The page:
What is concerning is that the new evidence that appellants relied on for appeal at the SC was found in their own archives. Again, since this evidence was very important to their case at both the trial court and the Appeal Court, why they failed to provide such crucial evidence is a mystery. Was it negligence or incompetence o deliberate sabotage?
Does this not give credence to Nana Kwesi Atta’s suspicion that the new evidence has been forged?
I understand from the response of JSC Dotse to Nana Kwesi Atta’s petition to the CJ that, staff of the Land Commission, which is the third Defendant in the case suppressed the new evidence (they deliberately hid the evidence). If that is the case, what did the panel do about this criminal act? Has the SC not got powers to order investigations into such criminal act, or refer the matter to the appropriate body or office such as CHRAJ to conduct investigations into the matter to identify those who deliberately hid the evidence and sanction them? Deliberately hiding probative evidence from court should be contempt of court as well as perverting the course of justice and should be a crime that should not be allowed to go unpunished.
The other important matters arsing was some of the contents of Nana Kwesi Atta’s petition of September 6, 2020 to the CJ expressing his concerns about how the case was being handled by the SC. According to him, and I quote from his petition:
“We recall that the first time an aspect of this case came before the court as on 8 May 2020 in an application for certiorari, where the 1st Defendant (Appellant) sought to get our family to return monies paid to our family on the orders of the Court of Appeal, Cape Coast. Your Lordship, who was not Chief Justice then, was part of the panel. We recollect vividly that your Lordship’s first comment was which village land could sell for as much as that sum of money.”
The question is, what is the value of village land? That depends on a number of factors, including what is on and could be beneath the land, the size of the land, what the land was and is being used for, how many people depend on the land for their livelihood, where the land is situated, etc. For this reason, I disagree with the then JSC and now CJ that his comment in court, if true, was inappropriate and gives room for the Nana Kwesi Atta’s suspicion of prejudice or bias against them. For the records, the CJ was sworn into office on January 7, 2020.
It is also interesting to note the response of JSC Doste to the above allegation by Chief. In a second Memo to the CJ dated October 1, 2020 responding to the petition, he stated and I quote:
“Third, I do not recall His Lordship, the Chief Justice, making the comments ascribed to him before he became CJ on 5 May 2018 as being alleged. In any case, such a comment is entirely not prejudicial and has not been the basis of the decision of the panel then and now.”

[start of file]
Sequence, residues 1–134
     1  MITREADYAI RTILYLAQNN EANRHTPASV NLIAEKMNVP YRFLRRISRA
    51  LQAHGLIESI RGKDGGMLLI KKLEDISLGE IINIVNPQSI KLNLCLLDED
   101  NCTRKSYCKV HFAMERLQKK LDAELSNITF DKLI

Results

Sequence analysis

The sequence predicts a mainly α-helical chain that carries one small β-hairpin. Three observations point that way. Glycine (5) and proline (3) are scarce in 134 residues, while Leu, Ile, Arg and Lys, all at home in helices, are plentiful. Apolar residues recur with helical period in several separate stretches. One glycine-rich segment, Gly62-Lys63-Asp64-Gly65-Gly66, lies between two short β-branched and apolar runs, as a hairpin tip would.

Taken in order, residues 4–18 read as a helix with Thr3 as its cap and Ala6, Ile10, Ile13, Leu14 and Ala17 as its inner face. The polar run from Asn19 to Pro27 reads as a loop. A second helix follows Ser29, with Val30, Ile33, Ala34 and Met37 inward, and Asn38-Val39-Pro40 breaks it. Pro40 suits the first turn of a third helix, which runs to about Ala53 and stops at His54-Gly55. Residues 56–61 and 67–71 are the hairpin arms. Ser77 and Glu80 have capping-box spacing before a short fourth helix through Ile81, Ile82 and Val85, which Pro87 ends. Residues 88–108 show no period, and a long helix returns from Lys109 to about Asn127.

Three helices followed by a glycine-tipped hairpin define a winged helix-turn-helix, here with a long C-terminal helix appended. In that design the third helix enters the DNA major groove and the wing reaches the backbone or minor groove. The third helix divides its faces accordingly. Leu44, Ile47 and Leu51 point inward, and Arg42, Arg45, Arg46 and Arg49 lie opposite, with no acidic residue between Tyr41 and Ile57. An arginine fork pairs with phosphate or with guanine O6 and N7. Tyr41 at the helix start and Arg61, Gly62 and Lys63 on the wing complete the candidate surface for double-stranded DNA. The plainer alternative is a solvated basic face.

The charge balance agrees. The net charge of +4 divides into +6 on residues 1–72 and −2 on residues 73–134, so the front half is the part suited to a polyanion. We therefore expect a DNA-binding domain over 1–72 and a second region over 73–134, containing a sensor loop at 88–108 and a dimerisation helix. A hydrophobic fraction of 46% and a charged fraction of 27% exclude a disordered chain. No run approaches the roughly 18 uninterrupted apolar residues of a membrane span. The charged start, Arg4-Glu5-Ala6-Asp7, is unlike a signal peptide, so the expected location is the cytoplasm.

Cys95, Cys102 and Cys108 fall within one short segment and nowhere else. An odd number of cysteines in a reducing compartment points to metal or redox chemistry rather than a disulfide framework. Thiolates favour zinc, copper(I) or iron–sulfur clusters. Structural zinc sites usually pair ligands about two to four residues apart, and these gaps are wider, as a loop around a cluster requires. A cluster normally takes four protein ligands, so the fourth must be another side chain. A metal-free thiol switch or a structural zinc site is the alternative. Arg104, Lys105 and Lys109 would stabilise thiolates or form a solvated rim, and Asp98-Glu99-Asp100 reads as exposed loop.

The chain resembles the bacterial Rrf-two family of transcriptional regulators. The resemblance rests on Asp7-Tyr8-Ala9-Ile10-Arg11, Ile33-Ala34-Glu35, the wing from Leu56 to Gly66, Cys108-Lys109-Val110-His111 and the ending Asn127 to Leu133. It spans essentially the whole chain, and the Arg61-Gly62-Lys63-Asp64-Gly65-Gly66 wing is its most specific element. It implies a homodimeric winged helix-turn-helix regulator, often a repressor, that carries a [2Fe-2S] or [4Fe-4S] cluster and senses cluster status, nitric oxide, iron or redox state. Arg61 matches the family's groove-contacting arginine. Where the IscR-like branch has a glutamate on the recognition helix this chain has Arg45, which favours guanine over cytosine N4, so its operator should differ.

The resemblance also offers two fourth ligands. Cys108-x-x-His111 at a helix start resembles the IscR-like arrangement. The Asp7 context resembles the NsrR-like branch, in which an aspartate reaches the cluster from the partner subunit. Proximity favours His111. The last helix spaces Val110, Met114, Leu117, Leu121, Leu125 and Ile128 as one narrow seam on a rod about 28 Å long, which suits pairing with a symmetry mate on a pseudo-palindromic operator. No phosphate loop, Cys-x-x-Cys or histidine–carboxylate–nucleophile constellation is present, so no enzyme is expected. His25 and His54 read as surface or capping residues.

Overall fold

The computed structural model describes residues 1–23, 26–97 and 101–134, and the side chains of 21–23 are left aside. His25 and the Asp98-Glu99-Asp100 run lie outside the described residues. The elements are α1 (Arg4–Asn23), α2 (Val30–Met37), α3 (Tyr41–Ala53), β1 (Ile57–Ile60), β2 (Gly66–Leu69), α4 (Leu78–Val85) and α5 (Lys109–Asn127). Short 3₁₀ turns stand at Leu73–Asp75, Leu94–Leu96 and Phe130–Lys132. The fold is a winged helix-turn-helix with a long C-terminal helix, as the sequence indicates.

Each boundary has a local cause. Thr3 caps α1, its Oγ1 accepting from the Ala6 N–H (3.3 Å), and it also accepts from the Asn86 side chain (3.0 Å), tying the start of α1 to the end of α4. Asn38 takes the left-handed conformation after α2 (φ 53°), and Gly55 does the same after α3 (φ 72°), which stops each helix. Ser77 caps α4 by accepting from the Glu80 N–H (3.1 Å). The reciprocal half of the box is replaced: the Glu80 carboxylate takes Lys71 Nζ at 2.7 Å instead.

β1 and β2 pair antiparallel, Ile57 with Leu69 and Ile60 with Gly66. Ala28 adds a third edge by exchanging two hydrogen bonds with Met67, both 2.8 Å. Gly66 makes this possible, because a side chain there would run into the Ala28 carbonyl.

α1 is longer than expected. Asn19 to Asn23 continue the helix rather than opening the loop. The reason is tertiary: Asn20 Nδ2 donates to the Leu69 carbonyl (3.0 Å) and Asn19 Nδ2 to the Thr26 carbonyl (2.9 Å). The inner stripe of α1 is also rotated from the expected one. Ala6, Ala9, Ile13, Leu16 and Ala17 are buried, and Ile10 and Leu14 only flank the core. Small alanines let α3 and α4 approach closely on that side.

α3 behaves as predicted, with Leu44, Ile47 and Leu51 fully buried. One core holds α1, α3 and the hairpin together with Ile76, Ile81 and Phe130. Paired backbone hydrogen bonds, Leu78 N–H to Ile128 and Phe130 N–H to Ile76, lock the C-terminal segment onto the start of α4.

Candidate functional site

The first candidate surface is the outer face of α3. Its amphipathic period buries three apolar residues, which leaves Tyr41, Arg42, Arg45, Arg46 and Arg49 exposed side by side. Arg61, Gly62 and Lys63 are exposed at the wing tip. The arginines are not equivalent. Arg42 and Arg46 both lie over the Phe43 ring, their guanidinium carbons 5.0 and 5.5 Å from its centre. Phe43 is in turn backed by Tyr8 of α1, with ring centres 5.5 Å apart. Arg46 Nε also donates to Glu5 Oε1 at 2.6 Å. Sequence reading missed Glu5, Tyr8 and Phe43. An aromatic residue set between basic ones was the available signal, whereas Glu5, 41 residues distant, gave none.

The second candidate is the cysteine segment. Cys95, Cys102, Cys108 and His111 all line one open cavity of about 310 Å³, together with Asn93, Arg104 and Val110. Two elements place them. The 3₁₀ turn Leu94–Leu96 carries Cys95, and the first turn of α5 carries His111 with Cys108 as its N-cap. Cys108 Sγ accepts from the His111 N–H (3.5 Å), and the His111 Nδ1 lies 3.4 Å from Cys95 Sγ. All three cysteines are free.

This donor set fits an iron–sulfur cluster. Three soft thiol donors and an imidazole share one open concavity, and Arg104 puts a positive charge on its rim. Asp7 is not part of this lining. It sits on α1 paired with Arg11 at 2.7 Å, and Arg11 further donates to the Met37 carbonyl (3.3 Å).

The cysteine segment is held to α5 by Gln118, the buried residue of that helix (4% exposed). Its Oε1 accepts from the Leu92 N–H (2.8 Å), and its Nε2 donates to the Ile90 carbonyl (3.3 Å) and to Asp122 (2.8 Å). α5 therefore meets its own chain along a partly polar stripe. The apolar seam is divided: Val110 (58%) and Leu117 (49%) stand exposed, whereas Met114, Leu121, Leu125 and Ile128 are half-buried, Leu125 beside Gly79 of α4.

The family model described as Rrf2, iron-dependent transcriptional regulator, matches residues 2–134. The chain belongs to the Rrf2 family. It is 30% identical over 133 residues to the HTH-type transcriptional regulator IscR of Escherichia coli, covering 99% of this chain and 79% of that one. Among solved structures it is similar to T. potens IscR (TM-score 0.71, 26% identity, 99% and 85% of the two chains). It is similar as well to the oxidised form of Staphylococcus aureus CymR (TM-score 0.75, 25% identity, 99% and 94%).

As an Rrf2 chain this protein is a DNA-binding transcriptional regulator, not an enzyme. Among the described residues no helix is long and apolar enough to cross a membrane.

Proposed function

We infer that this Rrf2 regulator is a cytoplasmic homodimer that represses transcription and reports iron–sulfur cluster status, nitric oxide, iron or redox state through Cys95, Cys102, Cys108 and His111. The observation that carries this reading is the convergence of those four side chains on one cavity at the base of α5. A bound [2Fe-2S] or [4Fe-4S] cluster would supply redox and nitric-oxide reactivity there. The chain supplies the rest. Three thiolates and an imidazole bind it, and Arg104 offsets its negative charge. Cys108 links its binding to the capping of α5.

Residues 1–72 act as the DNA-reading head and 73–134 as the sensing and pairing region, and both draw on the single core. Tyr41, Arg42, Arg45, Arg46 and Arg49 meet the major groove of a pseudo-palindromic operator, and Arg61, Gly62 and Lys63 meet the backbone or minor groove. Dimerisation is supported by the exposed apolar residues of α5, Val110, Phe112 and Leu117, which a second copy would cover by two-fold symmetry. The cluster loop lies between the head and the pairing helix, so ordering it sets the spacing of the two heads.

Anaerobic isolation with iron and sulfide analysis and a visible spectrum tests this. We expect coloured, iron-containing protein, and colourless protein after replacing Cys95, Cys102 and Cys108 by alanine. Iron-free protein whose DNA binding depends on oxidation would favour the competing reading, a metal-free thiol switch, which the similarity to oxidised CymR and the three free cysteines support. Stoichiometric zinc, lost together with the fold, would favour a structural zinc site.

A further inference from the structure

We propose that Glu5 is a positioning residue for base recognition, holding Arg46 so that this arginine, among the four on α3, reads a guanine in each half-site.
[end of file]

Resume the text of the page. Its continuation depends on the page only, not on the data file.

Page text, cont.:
Note that JSC Dotse did not deny the statement being made in court by the CJ but only stated that he did not recall the statement being made. Did he check from the court records and if not why? Again, I disagree with him that if the comment were made in court, it is not prejudicial. Justice must not only be done but must also be seen to be done.
Another matter arising from the Myjoyonline documents is an allegation by Nana Kwesi Atta in his petition to the CJ. According to him and again, I quote from the petition.
“In the case involving the Board of Governors, Achimota School and Nii Ako Nortei II, Platinum Equities Ltd and the Lands Commission given on 20 May 2020, Justice Doste said at page 63 as follows: We found the suppression of vital evidence of the 3rd Defendant herein not only in this case but also in an unreported case, Suit No. CM/131/2019 dated 28 April 2020, entitled Ogyeedom Obranu Kwesi Atta VI vrs Ghana Telecommunications Company Ltd and Another, where we had to deal with issues of suppression of vital and material evidence by officials of the 3rd Defendant which if available would have put the evidence before the court for adjudication.”
In his response to the above allegation in his aforementioned Memo to the CJ of October 1, 2020, JSC Doste stated that, “Fourthly the quotation ascribed to me in a Board of Governors, Achimota School v Nii Ako Nortei II and 2 Others has been taken completely out of context, and amounts to lack of understanding of an appreciation of my judicial oath, training and practice. In this respect, I wish to react as follows:”
He provided seven other reasons to explain why he made reference to this case in an unrelated case, which are too long to repeat. Please read it on Myjoyonlie as referred to earlier.
The question is, is it ok for a judge to make reference to a case that is still pending before him in the judgement of an unrelated case even if they are both land disputes? I do not think so and disagree with JSC Dotse that his reference is not prejudicial. Yes, in his eyes and mind, it may not be but in the eyes and the minds of other parties to the case as well as the public, that may not be the case. I also appreciate that the suppression of evidence of probative value by staff of one of the Appellants is troubling, perversion of the course of justice and criminal but that should be left out till the judgement day of this case
In conclusion, with these facts on the case now in the public domain, there are more questions than answers on this matter. The judiciary must not only administer justice but justice must also been seen to be delivered.
By Kofi Ata, Cambridge, UK